I took this photo below and edited it a little. I didn't know where the lightning would hit so the lens was pretty wide. Since the lightning hit so far away, I scaled it up and blended it with the rest of the image so it looks closer, but I'd still like it to fill the frame more. I'm afraid if I try to scale it up any more, the poor quality will be apparent. Is there anything I can do in photoshop to improve the quality? I also accidentally took it as a jpeg, not raw, is there anything I can do to remove the jpeg artifact? By the way, my end goal is to print this picture.
First off, I'd be very cautious about some of the things you have already done. Some of the editing you previously completed could have been done in a way to reduce the overall image quality. For example did you work within a TIFF file for all of your editing or did you save a few different versions of a JPEG? In addition the fact that you already scaled up the lightning portion of the image is a bit worrisome to me, as it leaves me wondering if that rescaling also caused loss of detail and introduction of artifacts.
Secondly, no - you cannot add quality to an image you already captured. If you took a very low resolution image, there is nothing in photoshop that is going to be able to regenerate new pixels that aren't there to begin with. What I would advise is:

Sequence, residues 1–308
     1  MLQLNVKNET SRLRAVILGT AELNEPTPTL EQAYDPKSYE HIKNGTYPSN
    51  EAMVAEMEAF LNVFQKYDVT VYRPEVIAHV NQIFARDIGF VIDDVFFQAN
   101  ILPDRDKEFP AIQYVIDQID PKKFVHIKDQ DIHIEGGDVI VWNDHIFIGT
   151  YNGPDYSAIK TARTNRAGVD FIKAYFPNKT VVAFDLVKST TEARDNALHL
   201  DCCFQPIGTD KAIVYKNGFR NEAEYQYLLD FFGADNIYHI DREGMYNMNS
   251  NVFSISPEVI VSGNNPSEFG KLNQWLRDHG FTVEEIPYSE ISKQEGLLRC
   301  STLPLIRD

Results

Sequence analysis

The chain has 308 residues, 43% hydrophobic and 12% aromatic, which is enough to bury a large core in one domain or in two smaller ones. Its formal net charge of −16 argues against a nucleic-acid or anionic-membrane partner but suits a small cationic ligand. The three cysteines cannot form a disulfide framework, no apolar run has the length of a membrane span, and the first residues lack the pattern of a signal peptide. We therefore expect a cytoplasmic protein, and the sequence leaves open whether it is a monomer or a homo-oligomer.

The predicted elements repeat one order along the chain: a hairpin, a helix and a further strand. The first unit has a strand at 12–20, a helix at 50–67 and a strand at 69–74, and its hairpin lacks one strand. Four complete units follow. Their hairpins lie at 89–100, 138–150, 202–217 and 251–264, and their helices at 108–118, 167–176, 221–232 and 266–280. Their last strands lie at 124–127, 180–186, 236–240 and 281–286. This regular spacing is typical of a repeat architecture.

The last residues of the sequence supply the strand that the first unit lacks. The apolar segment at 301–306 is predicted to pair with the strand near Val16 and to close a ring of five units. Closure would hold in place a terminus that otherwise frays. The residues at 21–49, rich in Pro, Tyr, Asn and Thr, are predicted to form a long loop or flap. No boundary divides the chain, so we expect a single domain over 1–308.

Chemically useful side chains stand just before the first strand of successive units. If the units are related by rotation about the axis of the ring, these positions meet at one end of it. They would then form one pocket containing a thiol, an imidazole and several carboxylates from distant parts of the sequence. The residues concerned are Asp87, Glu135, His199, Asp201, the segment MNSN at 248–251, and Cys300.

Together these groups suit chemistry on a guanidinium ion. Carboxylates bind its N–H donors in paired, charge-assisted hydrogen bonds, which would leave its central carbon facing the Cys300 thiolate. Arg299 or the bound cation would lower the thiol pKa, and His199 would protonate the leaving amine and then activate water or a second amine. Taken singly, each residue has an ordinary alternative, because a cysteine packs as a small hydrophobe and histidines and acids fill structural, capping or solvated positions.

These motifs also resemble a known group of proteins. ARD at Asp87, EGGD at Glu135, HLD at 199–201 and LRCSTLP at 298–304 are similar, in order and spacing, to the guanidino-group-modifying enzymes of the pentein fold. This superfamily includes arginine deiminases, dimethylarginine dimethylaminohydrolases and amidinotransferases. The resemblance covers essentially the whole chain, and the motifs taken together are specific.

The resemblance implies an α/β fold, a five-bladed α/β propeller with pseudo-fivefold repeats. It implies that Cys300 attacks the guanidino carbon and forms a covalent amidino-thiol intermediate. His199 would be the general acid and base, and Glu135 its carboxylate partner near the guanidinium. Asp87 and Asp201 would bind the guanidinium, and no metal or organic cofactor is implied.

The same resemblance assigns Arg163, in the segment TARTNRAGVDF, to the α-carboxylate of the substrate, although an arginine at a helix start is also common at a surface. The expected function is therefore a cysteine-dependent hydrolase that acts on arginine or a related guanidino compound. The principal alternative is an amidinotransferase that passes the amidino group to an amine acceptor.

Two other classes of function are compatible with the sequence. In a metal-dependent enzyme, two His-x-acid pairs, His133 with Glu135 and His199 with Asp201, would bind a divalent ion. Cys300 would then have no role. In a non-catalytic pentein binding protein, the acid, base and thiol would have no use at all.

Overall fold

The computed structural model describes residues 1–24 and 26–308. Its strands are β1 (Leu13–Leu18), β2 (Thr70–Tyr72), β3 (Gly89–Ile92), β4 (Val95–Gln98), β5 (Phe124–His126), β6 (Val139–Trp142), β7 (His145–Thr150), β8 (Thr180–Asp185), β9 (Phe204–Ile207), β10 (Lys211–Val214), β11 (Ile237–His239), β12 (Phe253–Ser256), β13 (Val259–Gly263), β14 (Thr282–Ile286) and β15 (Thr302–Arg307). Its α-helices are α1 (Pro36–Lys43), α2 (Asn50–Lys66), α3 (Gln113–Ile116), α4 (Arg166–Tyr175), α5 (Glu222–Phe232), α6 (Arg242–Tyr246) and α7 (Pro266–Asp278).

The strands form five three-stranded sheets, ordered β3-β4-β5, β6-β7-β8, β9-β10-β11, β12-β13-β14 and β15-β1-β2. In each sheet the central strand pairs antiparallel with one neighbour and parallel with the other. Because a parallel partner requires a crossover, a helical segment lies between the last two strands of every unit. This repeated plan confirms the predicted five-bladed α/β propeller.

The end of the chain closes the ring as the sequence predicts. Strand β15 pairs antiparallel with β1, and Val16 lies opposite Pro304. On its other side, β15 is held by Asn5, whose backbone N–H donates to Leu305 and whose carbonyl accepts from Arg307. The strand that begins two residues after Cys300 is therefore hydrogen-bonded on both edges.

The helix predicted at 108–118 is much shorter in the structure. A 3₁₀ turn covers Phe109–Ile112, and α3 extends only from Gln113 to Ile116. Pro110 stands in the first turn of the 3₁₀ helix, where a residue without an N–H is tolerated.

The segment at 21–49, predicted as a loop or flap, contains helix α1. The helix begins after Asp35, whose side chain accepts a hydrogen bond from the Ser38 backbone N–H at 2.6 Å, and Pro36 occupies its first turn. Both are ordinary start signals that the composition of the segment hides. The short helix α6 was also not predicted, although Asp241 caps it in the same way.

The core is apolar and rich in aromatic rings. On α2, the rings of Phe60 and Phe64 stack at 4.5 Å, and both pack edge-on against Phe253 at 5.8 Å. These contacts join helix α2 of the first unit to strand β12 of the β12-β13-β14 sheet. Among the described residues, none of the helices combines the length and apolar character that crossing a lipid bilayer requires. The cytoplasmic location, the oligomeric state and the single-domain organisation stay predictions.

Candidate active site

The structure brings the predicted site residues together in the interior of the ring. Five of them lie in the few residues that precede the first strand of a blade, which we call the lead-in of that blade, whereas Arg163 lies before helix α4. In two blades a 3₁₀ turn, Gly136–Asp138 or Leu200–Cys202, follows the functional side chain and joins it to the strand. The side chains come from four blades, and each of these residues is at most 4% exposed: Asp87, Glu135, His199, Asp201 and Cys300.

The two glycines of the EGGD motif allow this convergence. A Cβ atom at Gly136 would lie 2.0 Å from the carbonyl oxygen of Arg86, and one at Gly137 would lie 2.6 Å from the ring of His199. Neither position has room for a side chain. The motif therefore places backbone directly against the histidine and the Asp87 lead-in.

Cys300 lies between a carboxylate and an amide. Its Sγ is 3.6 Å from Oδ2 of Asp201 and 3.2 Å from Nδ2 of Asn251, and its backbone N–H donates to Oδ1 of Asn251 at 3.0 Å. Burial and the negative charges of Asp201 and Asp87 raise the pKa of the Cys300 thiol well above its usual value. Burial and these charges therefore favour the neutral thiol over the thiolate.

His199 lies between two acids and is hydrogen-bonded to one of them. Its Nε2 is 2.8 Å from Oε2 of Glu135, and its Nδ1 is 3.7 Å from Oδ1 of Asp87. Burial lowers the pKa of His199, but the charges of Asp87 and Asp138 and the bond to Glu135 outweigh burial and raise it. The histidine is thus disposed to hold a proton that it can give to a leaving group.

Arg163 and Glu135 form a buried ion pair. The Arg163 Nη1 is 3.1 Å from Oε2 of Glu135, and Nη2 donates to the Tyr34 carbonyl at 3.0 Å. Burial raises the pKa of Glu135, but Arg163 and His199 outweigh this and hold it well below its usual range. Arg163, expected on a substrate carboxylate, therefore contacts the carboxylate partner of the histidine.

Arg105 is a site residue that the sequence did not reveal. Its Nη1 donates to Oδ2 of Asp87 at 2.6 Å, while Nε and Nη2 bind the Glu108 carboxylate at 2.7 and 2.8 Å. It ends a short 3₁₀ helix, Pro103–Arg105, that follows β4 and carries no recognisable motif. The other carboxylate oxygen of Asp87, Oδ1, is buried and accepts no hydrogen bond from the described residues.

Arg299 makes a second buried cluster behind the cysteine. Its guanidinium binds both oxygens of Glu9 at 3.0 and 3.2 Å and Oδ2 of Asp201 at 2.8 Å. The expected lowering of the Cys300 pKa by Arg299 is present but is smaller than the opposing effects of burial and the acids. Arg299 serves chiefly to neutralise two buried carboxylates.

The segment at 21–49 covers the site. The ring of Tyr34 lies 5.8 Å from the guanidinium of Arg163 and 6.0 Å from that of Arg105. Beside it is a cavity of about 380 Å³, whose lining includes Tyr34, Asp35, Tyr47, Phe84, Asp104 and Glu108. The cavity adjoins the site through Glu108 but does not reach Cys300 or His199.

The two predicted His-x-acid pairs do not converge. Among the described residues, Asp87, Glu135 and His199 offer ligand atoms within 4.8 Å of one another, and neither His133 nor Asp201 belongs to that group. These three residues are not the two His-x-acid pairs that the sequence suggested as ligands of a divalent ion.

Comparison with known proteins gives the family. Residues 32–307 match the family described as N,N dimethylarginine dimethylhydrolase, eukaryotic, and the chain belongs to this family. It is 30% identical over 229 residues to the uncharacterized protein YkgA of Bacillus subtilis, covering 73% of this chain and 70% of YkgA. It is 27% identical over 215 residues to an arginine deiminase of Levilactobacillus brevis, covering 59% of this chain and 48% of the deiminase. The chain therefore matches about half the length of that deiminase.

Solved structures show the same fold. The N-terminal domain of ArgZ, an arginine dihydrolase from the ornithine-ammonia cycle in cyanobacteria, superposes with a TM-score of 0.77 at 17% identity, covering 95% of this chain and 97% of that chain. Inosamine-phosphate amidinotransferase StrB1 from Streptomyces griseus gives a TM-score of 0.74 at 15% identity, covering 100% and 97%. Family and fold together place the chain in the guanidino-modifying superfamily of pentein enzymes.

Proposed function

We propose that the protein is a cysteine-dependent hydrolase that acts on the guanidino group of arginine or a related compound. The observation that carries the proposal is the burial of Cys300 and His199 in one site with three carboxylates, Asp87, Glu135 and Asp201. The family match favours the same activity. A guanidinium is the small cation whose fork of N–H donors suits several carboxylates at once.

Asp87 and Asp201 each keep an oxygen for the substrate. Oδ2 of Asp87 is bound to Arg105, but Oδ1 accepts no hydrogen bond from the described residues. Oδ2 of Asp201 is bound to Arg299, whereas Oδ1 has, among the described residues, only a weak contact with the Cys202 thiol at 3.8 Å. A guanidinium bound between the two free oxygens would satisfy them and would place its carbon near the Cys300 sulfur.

- Ensure that your editing workflow is keeping in mind the fact that you want to hold on to every last bit of quality along the way (work with TIFF for example)
- Apply sharpening as your final step before exporting to print
- Print at a size appropriate for the final image dimensions
- Let your print lab scale up the image if you desire blowing it up, since they have software designed specifically to do this well and they do it often
- Keep in mind that most images printed on a wall are not created so that someone can inspect the image up close from a few inches away
First, crop it so the lightning is off-center to make it more interesting. You might use the Rule of Thirds or some other amount to offset the subject.
Second, the amount of enlargement depends on the intended use. A rough guide is that ~300 dots [pixels]/inch (dpi) (~120 pixels/cm) produces an acceptable image, though some top-grade printers may be capable of 2,400 dpi. So if you're working with a 12,000,000 pixel image, perhaps 3,000 x 4,000 pixels, a print might be 10" x 13" (25 cm x 33 cm) before the dots become noticeable. But you're the judge. Consider that pointillists made a living from "grainy" images.